Apollo Data Revealed Moon’s Internal Structure:
NASA deployed the frist seismographs on the moon as part of the Apollo Mission in 1969. These seismographs collected data and enabled researchers to determine that the moon’s structure consisted of a thin crust of about 65 kilometers, a mantle about 100 kilometers thick and a core with a radius of about 500 kilometers. At that time seismic data processing was not advanced enough to determine the characteristics of the core.
NASA researchers have recently applied state-of-the-art seismological techniques applied to the Apollo-era data and discovered that the moon probably has a core that is very similar to Earth’s.
Moon’s Formation and Magnetic Field :
The team’s findings suggest the moon possesses a solid, iron-rich inner core with a radius of nearly 150 miles and a fluid, primarily liquid-iron outer core with a radius of roughly 205 miles. Where it differs from Earth is a partially molten boundary layer around the core estimated to have a radius of nearly 300 miles. The research indicates the core contains a small percentage of light elements such as sulfur, echoing new seismology research on Earth that suggests the presence of light elements — such as sulfur and oxygen — in a layer around our own core.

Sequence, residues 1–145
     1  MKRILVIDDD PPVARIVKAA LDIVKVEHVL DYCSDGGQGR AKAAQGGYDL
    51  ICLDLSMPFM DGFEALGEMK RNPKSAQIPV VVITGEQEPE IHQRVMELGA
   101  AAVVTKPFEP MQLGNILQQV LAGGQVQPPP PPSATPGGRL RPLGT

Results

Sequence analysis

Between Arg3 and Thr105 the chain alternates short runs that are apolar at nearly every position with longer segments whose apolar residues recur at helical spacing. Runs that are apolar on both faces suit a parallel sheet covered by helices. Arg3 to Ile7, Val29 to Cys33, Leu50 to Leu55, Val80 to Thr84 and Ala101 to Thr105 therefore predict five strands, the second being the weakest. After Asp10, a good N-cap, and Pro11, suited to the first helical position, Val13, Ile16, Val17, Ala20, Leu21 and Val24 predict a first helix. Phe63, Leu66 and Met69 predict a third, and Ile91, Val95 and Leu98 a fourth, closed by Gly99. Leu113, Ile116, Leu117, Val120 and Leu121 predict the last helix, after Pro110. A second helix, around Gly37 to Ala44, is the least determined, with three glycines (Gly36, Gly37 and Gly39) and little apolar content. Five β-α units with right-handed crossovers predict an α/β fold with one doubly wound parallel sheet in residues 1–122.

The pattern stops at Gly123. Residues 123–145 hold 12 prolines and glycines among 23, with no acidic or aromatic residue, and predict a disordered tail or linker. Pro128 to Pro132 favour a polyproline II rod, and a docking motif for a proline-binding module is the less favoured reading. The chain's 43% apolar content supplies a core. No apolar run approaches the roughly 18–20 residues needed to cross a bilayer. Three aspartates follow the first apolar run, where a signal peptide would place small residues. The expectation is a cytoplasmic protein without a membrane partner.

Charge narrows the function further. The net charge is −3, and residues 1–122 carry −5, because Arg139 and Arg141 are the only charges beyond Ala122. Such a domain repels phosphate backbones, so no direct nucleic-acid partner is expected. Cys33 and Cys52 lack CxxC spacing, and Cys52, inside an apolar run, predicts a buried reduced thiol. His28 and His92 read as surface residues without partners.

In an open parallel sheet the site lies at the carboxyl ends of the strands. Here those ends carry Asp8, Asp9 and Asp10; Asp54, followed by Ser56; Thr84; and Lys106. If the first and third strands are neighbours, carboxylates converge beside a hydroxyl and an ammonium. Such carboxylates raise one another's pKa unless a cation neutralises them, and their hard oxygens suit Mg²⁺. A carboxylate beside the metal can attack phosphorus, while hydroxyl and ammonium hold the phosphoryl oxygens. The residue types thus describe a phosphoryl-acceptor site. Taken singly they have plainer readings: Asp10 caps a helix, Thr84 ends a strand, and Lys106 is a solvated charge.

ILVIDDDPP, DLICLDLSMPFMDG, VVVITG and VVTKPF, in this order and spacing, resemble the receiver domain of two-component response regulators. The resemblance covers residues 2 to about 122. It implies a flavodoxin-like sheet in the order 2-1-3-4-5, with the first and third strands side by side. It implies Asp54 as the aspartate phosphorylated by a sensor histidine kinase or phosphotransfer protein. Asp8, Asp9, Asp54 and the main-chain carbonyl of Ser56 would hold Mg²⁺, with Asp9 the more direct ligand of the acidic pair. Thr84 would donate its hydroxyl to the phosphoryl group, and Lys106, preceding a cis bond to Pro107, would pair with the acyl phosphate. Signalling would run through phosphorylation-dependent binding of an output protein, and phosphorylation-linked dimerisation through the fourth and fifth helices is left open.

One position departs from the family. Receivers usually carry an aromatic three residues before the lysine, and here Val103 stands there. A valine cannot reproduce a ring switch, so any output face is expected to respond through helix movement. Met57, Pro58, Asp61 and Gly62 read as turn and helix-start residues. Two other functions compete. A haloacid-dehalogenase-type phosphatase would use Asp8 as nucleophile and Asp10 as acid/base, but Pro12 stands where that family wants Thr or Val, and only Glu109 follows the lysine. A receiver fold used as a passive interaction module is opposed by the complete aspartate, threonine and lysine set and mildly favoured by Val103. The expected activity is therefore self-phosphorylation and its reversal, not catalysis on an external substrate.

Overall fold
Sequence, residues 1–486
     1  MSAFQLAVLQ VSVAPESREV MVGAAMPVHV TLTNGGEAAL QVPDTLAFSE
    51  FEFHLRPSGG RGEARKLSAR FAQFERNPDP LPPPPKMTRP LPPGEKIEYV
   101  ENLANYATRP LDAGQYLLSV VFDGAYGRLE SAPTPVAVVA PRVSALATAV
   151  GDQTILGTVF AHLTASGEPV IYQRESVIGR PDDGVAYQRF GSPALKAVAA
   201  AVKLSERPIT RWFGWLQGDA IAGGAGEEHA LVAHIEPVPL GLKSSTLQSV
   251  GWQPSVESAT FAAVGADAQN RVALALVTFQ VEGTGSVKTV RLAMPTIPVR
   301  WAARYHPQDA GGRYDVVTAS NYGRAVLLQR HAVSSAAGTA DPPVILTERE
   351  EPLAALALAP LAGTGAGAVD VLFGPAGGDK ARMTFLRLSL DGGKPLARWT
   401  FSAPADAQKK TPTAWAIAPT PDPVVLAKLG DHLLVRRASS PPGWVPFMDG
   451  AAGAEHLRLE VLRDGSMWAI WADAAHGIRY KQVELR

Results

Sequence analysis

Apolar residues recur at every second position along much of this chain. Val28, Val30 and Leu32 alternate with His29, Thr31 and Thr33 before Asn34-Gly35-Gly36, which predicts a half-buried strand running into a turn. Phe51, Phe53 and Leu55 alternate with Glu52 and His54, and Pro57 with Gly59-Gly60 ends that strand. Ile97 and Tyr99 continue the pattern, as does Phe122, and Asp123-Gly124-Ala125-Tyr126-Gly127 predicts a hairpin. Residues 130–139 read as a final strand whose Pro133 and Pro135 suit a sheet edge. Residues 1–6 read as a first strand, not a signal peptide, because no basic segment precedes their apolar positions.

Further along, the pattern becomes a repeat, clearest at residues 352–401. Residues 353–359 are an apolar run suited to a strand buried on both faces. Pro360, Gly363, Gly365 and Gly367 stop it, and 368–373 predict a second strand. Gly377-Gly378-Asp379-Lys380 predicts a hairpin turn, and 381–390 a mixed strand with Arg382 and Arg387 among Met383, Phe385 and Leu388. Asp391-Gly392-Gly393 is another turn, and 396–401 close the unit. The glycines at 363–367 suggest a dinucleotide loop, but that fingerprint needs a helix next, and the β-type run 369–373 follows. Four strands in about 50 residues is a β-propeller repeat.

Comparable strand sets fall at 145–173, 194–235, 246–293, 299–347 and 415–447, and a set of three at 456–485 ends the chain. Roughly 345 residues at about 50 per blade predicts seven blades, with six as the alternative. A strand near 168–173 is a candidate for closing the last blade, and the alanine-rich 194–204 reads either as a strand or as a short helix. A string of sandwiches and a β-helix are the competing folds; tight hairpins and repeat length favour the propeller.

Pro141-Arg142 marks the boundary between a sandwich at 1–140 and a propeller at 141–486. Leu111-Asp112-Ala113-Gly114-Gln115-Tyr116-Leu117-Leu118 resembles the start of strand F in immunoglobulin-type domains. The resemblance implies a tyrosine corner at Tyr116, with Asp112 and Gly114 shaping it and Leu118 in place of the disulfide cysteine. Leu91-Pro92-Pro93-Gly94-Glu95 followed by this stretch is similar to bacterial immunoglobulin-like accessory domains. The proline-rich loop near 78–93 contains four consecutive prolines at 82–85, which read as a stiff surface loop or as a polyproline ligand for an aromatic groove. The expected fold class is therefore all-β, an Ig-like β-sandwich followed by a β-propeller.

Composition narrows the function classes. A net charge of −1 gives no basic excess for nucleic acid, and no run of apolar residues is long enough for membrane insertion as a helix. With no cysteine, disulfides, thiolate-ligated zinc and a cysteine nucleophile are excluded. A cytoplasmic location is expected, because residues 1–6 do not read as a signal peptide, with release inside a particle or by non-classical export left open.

Data from Apollo-Era Seismometers :
Comparison with Apollo-Era Results :
New Data From the GRAIL Mission : Future NASA missions will help gather more detailed data. The Gravity Recovery and Interior Laboratory, or GRAIL, is a NASA Discovery-class mission set to launch this year. The mission consists of twin spacecraft that will enter tandem orbits around the moon for several months to measure the gravity field in unprecedented detail. The mission also will answer longstanding questions about Earth’s moon and provide scientists a better understanding of the satellite from crust to core, revealing subsurface structures and, indirectly, its thermal history.
The Research Team :
In addition to Weber, the team consisted of scientists from Marshall; Arizona State University; the University of California at Santa Cruz; and the Institut de Physique du Globe de Paris in France. Their findings are published in the online edition of the journal Science.
NASA and other space agencies have been studying concepts to establish an International Lunar Network — a robotic set of geophysical monitoring stations on the moon — as part of efforts to coordinate international missions during the coming decade
Note : Republished from a January, 2011 press release by NASA.